I suppose next the art theorists will move on to high-falutingly deciphering Van Gogh's tormented whirlpool skies?
5
Technology / Re: Why is it so slow to 'rewind' on Netflix?
« Last post by siasl on 25 April, 2017, 10:34:23 PM »
It may well depend on your Brisbane bandwidth, but what is trying to do is fetch a still image from a video stream as you search. Video codecs are complicated beasts and this information will not all be available at one point in time in the video, so it has to download more than one frame of footage.
7
Entertainment, sport and leisure / Re: Snooker at the Crucible....
« Last post by Trish on 25 April, 2017, 02:55:37 PM »
The tables maybe the same quality and much cheaper but on the eve of leaving the EU we should be buying British to secure jobs and. G D P .


8
Technology / Re: How much horsepower can a horse actually generate?
« Last post by P-Kasso2 on 24 April, 2017, 02:38:36 PM »
The horsepower was defined by one James Watt, as being 1 hp(I) = 745.699872 W

He was trying to sell steam engines to mine owners who were used to small horses and pit ponies, and it was to his advantage to make it sound like his engines could do lots of work, so he deliberately chose small horses.  Hence one horsepower is actually a bit less than the power developed by a average horse.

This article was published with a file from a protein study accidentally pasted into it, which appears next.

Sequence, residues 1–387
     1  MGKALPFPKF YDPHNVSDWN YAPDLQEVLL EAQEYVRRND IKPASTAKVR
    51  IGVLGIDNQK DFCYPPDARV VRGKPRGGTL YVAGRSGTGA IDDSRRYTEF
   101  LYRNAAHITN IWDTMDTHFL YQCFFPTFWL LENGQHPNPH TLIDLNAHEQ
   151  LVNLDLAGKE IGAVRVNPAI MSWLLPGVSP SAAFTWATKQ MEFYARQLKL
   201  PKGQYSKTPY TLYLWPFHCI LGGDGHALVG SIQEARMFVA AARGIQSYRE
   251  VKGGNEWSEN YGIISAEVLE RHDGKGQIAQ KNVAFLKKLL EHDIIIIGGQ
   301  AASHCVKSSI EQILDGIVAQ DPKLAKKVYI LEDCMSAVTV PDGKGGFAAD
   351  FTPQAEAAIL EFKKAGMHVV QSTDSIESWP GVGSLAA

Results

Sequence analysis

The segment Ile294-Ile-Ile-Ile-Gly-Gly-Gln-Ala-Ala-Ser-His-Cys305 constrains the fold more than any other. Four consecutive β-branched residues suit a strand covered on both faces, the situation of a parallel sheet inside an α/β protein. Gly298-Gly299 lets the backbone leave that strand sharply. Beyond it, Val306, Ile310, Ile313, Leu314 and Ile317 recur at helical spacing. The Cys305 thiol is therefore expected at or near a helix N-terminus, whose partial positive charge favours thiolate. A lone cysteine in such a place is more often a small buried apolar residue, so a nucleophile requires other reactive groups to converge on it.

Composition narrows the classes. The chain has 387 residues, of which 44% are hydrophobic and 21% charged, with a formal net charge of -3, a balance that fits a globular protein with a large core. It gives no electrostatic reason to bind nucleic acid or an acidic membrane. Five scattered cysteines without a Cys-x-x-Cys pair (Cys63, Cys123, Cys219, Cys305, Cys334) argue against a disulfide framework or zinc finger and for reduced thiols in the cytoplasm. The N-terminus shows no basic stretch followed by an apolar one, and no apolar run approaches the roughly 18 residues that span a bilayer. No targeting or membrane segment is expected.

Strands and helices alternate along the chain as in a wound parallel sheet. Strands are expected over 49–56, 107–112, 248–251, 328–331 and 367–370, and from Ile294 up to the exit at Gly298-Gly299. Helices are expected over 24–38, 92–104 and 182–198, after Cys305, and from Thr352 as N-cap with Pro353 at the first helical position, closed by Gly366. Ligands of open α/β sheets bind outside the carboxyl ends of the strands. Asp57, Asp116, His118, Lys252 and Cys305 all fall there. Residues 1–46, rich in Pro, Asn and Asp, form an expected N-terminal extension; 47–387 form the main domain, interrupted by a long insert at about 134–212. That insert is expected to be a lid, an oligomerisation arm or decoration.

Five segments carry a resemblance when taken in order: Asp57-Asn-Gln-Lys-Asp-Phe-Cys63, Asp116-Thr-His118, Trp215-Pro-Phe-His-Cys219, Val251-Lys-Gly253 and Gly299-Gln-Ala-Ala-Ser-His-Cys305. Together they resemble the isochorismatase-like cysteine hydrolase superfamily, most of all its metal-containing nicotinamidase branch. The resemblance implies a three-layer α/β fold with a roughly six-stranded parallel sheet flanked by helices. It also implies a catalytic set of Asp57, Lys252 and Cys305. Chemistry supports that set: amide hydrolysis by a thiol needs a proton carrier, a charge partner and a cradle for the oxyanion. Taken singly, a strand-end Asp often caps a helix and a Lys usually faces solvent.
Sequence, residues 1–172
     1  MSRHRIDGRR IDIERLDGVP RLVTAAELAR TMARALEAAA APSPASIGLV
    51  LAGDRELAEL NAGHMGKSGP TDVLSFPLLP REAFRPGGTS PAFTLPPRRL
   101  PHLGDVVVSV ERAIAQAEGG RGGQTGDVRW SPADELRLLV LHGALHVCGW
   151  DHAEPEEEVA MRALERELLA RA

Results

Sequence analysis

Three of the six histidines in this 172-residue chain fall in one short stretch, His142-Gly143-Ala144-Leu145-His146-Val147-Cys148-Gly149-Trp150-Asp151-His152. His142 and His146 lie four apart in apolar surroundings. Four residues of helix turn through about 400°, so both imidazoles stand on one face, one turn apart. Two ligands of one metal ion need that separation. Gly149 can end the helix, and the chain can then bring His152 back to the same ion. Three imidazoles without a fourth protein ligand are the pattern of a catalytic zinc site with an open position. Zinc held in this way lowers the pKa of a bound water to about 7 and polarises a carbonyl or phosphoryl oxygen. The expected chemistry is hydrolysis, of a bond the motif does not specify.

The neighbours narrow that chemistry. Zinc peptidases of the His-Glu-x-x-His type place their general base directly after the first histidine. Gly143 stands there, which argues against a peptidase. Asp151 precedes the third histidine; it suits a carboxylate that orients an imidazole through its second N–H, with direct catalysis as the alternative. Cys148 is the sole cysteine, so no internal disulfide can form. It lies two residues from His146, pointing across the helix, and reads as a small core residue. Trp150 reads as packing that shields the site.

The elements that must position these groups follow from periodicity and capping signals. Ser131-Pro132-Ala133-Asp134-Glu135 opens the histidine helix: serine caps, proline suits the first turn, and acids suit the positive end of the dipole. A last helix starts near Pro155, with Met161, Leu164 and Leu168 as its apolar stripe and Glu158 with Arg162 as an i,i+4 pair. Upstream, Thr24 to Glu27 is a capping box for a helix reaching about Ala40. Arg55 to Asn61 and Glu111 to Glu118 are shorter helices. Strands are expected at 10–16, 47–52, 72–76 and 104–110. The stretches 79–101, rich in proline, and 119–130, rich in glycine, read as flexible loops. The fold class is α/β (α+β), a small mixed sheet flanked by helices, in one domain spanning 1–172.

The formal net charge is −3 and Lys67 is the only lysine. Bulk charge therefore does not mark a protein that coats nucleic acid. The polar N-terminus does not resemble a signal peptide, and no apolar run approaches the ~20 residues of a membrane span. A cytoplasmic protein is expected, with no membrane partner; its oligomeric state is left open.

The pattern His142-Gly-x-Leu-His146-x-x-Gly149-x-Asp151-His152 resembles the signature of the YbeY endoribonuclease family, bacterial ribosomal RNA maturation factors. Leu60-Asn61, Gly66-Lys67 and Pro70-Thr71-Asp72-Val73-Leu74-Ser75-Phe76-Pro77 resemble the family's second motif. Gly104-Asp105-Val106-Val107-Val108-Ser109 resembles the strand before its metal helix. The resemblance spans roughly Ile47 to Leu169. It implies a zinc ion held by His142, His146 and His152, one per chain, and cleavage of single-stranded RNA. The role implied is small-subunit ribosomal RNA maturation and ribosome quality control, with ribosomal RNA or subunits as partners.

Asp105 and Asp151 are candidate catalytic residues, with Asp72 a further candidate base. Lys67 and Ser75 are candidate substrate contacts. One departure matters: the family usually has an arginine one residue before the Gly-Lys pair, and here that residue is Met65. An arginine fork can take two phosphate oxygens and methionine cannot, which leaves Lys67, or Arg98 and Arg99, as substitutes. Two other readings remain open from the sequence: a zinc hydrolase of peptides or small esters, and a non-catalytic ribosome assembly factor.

There is also the "brake horsepower".  This was originally an American way of measuring engine power, and conveniently ignores drivetrain losses i.e. it's measured at the engine flywheel and usually a few percent higher than if measured at the driving wheels.

So, Anon, one horsepower is actually one extremely small and weedy horse plodding along! What a shyster that James Watt was! But it obviously worked though.

And thank you too for the explanation of brake horsepower.Unfortunately I am notoriously famous for being about the most un-technical person you could meet. Spanners I have heard of. Screwdrivers I have even used once or twice. And I have actually once seen what I think was a flywheel - but the rest of your explanation is sadly a perfect blur to me.

9
Technology / Why is it so slow to 'rewind' on Netflix?
« Last post by Duffield1 on 24 April, 2017, 01:38:26 PM »
I use a host of devices to access Netflix, and whilst it is great for most things, fast forwarding and rewinding are a bit pants all round.  Why is this?
10
Technology / Re: How much horsepower can a horse actually generate?
« Last post by Anon on 23 April, 2017, 11:09:40 PM »
The horsepower was defined by one James Watt, as being 1 hp(I) = 745.699872 W

He was trying to sell steam engines to mine owners who were used to small horses and pit ponies, and it was to his advantage to make it sound like his engines could do lots of work, so he deliberately chose small horses.  Hence one horsepower is actually a bit less than the power developed by a average horse.

There is also the "brake horsepower".  This was originally an American way of measuring engine power, and conveniently ignores drivetrain losses i.e. it's measured at the engine flywheel and usually a few percent higher than if measured at the driving wheels.